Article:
Detection of H. pylori Antigen in the Stool Samples of Children, in Tekirdag, Turkey


Introduction: Helicobacter pylori (H. pylori) is an important bacterial pathogen, predominantly in undeveloped countries and regions. We conducted this study to investigate the presence of H. pylori antigen in the stool specimens of children, in Tekirdag, Turkey. Material and Methods: Stool specimens of 1441 children aging between 0 month to 15 years, with the complaints of abdominal pain, anemia, gastroenteritis, nausea and vomiting were included in the study. The subjects were divided into three groups based on their ages: Group A (0 month - 5 years), Group B (6 - 10 years) and Group C (11 - 15 years). All specimens were tested for H. pylori antigen with HP Ag (DIA.PRO, Diagnostic Bioprobes, Italy). Results were evaluated statistically. Results: The median age of children with H. pylori positive samples was 6.6 ± 4.1 and 47.9% were girls. Overall positivity of H. pylori stool antigen was 6.6%. Positivity rates due to ages in Groups A, B and C were: 8.9%, 5.8%,  5.2% respectively (x2 = 9.3, p = 0.01). No difference was observed due to gender (x2 = 0.17, p = 0.68). Conclusion: Higher antigen positivity obtained in 0 - 5 years group, indicates the risk of acquiring the infection in early years of life. Preventive measures for the development of H. pylori infection gain importance, especially in developing countries.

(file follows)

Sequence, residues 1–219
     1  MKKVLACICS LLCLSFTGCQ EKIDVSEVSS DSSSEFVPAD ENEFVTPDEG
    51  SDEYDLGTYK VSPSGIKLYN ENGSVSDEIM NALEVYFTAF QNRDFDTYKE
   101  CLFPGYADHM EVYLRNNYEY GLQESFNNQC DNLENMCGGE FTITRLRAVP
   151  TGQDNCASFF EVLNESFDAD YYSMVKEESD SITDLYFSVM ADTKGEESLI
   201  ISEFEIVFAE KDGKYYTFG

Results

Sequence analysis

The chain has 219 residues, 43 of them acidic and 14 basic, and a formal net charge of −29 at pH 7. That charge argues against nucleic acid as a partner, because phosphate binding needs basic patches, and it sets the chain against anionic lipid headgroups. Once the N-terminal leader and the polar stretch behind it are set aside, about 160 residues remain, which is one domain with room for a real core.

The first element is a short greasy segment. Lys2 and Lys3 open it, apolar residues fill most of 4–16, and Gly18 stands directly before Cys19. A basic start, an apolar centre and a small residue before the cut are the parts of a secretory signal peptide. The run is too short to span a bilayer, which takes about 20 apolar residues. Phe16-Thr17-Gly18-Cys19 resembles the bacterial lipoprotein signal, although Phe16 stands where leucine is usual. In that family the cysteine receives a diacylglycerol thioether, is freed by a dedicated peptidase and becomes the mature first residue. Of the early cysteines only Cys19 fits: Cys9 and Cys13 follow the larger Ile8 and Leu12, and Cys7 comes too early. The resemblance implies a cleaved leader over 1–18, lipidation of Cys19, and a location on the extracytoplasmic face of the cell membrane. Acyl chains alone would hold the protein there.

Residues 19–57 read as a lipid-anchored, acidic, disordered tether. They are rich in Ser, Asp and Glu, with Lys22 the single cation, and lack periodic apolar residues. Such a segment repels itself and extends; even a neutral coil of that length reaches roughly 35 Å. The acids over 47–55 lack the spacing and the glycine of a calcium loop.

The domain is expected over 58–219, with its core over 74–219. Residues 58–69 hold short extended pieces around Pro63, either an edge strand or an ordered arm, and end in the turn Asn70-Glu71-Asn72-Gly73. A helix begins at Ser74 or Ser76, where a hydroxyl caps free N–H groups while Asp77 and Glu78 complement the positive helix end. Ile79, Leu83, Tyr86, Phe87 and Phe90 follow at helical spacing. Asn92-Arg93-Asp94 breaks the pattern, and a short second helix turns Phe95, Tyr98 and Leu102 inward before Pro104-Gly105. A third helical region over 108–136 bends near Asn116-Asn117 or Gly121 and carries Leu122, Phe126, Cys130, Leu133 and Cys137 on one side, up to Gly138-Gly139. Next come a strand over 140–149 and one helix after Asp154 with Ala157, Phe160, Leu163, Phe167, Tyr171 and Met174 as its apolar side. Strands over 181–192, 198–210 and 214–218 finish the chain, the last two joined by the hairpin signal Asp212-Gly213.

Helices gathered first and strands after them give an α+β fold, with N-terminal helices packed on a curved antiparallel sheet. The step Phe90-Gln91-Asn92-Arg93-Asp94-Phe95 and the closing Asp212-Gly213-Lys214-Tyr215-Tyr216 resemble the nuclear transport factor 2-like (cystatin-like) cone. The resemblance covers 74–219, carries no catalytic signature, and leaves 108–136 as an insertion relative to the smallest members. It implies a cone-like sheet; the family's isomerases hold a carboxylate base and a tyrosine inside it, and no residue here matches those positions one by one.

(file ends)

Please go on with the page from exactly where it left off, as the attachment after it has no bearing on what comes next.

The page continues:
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Kaya, A. , Gülen, D. , Aydin, M. , Saraçoğlu, G. and Uzun, A. (2014) Detection of H. pylori Antigen in the Stool Samples of Children, in Tekirdag, Turkey. Health, 6, 865-869. doi: 10.4236/health.2014.610109.